“Some students placed on academic probation lost access to financial aid and needed to raise their GPA to regain access to aid—a common catch-22 whereby students cannot reenroll and improve their grades without financial aid, and cannot get financial aid unless they reenroll and improve their grades,” the report noted. “For students who had a high number of college credits, raising their GPA above the 2.0 threshold took multiple terms; for those who did not have financial aid, this came at a significant cost.”
Finances remain a significant hurdle for comebackers, something schools can potentially help with through tuition assistance, payment plans, course waivers, and grants, according to the report.
The outreach that schools do for SCNC adults and comebackers has room to improve as well, with the report advising higher ed officials to ask those who stop out for specifics on their reasons why and the duration of their pause. And if learners express an intent to return, schools should connect them to the right support services – mental health, financial, academic aid – to address the problems that led to them leaving.
Even simpler changes such as avoiding the language of ‘traditional and non-traditional learners’ and not making assumptions about students’ past experiences and responsibilities may help lead to fewer instances of comebackers feeling marginalized, according to the report.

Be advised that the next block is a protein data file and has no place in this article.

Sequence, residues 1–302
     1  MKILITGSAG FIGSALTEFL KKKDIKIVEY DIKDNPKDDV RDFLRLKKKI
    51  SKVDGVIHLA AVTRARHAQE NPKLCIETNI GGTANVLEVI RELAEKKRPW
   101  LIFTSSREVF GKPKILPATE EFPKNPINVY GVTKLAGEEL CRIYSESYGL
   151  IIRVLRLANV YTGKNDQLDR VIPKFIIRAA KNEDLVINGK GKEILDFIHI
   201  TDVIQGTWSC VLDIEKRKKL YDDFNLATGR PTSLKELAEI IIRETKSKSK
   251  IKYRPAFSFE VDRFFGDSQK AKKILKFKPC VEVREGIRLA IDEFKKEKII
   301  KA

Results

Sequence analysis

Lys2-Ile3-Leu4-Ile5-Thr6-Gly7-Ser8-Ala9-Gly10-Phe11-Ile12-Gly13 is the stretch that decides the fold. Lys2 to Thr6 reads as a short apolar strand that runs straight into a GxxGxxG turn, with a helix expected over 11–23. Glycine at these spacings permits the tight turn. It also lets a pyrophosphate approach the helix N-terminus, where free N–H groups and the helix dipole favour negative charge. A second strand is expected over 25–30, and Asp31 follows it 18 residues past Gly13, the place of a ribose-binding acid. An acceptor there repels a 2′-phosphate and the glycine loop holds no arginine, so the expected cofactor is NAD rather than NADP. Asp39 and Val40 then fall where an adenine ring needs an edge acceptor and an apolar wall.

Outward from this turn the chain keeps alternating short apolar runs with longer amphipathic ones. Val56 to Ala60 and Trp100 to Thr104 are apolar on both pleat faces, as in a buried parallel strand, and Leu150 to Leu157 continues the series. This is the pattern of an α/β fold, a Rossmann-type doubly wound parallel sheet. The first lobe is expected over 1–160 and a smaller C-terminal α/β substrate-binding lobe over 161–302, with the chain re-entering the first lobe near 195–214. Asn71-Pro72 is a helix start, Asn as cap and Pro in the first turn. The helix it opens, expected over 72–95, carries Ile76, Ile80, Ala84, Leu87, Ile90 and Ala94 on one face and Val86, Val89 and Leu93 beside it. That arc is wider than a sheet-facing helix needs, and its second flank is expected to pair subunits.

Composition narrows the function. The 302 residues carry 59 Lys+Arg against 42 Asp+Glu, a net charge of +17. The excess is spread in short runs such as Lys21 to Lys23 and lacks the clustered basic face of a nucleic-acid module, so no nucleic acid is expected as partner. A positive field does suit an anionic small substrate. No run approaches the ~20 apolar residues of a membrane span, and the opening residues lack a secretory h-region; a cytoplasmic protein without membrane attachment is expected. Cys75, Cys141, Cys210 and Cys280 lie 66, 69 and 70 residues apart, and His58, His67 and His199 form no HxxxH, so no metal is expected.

There are always going to be students who have to stop out because of life events, Bernhard said.
“Rarely did the students talk about not being able to do the work,” Bernhard said. “It was that, inevitably, some of them had to stop out because of life. So, I think, no matter what institutions can do to help students stay in college, some people are going to have to take a break at some point because of any number of things that come up for them. As we say, life happens.
“It's not really a condemnation of either the student nor the institution. I think we're going to just always have people who are coming in and out."
But a steep climb back into postsecondary education may await comebackers upon their return, according to the report. Comebackers, considered new students again, don’t have priority or seniority when it comes to class registration, which can lead to them not getting the class they need.
“When I went back, [I] was tossed to the bottom of the priority list, when I was so close to being done,” Laura, a single mother with a full-time job, said in the report.
Other obstructions on the climb back up include lingering library fines and course fees that may prevent reenrollment. Though according to the report, lower fees and institutional debt forgiveness for such costs actually leads to higher reenrollment and revenue.
The authors additionally advised leaders to consider orientation programs specifically for comebackers, particularly for those not familiar with the rising use of technology and online services in schooling since their last educational pursuit.